It has been proven that when a police department adopts new use of force policies, there are significantly less people dying at the hands of officers. When a department requires their officers to exhaust all other options before shooting there is a 25% decrease in police killings. The same drop in killings is also seen when a department makes police officers report all uses of force. 

Despite the progress these policies can make, only 42 out of 100 of the U.S.’ major police departments actually require their officers to attempt all other means before using deadly force. When it comes to reporting uses of force, only 25 out of the 100 departments currently enforce this method.

Many police departments, including the Minneapolis police department, across the country have already implemented implicit bias training as a part of their routine training for officers. Yet, considering what occurred with Floyd’s death, it is more than clear that there needs to be an update on how things are done. Out of 155 police departments from across the nation, about 59% of the agencies said that they do not have a way to measure the success or failure of their programs. 

It is not enough to sit your officers through a training program one or two times and hope for the best. Implicit bias training not only needs to be mandatory in all U.S. police departments, but moves need to be taken to ensure the training is productive as well. It is not possible to erase all implicit bias within a person because it originates from fundamental issues within our society. However as a police officer, and a person who holds the life of others in their hands, it is their responsibility to know how to not act upon their biases. It is also the duty of their respective departments to make sure the training given to officers is truly working.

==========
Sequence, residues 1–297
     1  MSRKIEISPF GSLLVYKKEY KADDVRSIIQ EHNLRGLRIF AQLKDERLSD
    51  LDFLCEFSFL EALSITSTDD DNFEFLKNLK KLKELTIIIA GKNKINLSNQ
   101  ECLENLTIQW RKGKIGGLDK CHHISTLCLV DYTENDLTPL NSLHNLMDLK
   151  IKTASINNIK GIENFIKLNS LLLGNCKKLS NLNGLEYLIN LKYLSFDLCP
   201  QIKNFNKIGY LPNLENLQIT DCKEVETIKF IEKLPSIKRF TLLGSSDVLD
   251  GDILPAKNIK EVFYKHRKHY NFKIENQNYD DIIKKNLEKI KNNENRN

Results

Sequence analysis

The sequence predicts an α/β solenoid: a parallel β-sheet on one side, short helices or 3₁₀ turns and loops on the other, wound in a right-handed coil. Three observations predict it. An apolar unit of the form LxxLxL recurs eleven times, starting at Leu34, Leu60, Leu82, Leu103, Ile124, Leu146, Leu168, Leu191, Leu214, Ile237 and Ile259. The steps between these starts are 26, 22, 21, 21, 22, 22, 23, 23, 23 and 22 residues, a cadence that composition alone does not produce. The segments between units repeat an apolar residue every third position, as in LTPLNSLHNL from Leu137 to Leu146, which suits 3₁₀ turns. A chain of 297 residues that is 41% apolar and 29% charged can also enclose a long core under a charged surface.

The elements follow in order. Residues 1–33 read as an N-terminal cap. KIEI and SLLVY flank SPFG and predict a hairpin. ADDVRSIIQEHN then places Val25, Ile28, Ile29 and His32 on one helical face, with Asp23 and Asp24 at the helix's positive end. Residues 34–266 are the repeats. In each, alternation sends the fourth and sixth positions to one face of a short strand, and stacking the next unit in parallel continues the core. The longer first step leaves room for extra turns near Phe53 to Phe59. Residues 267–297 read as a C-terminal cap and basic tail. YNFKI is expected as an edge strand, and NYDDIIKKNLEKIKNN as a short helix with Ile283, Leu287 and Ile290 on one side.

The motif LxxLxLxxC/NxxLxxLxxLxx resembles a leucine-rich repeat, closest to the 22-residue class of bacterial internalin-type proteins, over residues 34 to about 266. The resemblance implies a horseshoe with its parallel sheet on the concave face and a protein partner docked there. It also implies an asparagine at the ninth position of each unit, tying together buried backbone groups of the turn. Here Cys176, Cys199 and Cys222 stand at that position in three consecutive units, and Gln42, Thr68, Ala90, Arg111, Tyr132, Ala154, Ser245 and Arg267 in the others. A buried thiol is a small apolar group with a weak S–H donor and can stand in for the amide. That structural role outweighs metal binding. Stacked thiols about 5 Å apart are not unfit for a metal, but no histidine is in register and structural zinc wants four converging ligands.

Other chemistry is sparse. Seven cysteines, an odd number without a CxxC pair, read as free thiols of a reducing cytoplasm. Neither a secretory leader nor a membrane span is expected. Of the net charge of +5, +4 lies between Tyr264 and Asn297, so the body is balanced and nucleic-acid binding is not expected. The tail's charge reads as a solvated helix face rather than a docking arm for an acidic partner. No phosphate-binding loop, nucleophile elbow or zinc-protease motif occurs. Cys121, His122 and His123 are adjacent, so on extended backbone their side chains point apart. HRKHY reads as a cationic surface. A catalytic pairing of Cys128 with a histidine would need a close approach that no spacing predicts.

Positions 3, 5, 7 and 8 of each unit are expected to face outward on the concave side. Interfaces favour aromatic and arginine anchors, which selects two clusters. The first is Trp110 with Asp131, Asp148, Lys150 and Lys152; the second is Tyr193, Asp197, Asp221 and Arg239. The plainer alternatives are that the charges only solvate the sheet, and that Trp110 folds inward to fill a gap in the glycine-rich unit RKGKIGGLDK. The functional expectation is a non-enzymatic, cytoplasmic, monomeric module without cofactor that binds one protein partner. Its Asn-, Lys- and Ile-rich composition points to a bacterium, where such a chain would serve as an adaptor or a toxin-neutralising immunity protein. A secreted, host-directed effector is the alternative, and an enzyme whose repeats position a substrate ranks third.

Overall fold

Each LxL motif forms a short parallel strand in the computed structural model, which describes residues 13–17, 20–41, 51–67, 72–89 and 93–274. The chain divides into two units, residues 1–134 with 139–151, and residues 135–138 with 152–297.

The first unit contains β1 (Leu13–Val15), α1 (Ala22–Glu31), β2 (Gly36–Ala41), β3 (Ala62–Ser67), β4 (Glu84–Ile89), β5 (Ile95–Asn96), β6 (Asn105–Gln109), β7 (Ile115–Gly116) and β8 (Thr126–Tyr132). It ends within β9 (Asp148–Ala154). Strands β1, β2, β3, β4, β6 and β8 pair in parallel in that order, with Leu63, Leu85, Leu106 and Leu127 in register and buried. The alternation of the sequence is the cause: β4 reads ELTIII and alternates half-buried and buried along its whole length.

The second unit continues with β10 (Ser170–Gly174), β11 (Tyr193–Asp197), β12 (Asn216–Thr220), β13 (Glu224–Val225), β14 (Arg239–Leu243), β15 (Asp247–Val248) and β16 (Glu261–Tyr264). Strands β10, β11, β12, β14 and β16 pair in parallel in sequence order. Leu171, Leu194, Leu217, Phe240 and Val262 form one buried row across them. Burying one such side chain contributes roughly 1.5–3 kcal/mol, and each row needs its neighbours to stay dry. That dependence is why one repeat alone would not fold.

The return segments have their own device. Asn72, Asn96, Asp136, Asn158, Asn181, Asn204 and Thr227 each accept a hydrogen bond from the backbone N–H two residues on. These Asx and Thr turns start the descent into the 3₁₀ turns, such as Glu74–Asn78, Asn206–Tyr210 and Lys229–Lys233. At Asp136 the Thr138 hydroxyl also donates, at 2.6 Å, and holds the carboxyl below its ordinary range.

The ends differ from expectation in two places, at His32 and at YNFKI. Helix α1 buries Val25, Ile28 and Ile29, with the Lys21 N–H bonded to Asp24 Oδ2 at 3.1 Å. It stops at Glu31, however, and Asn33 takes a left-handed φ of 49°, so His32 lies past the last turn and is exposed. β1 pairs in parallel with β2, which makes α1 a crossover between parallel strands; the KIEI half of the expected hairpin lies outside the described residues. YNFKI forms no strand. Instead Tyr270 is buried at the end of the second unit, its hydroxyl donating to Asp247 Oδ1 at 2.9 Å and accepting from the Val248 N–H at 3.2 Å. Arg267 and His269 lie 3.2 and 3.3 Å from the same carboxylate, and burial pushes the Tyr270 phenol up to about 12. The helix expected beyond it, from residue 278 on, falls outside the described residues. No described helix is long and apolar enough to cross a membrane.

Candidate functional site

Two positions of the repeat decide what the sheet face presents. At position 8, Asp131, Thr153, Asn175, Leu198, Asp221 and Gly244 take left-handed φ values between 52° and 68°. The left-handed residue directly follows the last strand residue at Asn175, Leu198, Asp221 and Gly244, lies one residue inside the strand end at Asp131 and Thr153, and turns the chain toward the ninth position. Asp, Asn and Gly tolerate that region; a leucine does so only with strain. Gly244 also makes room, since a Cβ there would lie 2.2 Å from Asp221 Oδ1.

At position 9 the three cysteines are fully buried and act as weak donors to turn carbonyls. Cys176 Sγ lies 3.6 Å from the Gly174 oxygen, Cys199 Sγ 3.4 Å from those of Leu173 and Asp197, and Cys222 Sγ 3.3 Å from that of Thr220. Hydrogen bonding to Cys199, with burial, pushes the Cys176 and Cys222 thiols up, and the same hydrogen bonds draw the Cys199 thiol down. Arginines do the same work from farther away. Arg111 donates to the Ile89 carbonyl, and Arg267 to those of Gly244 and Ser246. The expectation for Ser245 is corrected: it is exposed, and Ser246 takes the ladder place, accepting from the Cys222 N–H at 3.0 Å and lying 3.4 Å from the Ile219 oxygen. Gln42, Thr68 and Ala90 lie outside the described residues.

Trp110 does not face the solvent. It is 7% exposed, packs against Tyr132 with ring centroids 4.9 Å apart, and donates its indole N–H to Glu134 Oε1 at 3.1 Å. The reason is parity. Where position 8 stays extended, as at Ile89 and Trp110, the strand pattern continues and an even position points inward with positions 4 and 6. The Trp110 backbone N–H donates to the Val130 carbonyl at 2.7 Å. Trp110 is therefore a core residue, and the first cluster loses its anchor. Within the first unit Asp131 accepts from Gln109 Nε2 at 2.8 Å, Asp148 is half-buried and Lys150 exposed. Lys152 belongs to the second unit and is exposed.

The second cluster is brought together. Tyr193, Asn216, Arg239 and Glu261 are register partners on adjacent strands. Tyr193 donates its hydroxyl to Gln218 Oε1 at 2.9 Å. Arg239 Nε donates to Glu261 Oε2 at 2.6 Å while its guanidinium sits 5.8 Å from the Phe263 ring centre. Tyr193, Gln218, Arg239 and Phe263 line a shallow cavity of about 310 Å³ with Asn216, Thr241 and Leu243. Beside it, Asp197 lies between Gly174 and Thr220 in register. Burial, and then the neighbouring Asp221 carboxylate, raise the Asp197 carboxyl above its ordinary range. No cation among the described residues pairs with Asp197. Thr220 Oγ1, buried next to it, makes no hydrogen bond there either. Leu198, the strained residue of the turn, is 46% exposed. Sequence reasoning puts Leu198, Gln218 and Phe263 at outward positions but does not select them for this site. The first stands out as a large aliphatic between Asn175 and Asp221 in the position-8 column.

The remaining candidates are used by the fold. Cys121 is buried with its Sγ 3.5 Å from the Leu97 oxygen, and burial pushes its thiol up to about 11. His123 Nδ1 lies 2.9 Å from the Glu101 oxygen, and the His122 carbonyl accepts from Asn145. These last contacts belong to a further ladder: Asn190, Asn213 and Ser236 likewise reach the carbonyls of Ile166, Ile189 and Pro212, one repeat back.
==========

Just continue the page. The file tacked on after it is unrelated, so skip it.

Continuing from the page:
As police departments face the challenge of changing, the average citizen must take steps to push for change as well. There are petitions that can be signed to demand the arrests of officers who stood aside as wrongful violence happened and donation funds set up for the families of victims and protestors. If possible, there are also peaceful protests one can take part in happening in cities across the nation, including Riverside. Regardless of race, gender and any other quality that others may use to separate us, we all have the ability to enact positive change. 

George Floyd left behind two daughters. Eric Garner was a husband, father of six and grandfather of three. Michael Brown was 18 years old and was two days away from starting a training program at a technical school. Jonathan Ferrell was 24 years old and a former college football player. Atatiana Jefferson left behind her parents, a sister and a nephew. John Crawford III is survived by his two sons. 

The list of names goes on and without proper action the list of victims will only grow longer. It is inexcusable that we are still seeing African American lives being lost in ways eerily similar to deaths that happened years before. Black lives matter and we must show this fact in our everyday actions moving forward. While it is quite possible that real change won’t happen overnight or by tomorrow, we still must continue fighting for what is right. We as a society, as humans with the capability to feel empathy for each others’ losses, must do better. 

Amani Mahmoud, Editor-in-Chief

Silvia Ferrer, Managing Editor

Sofia Garcia, Sports Editor

Christine Tran, Opinions Editor

Madison Rheins, Assistant Opinions Editor

Deanna De Leon, Marketing Director

Colin Carney, Arts and Entertainment Editor

Kevin Sanchez-Neri, Assistant Arts and Entertainment Editor

Laura Anaya-Morga, News Editor

Davina Garcia, Assistant News Editor

Celine Hoang, Art Director

Adriana Mandujano Angel, Features Editor

Alexandria Esteban, Assistant Features Editor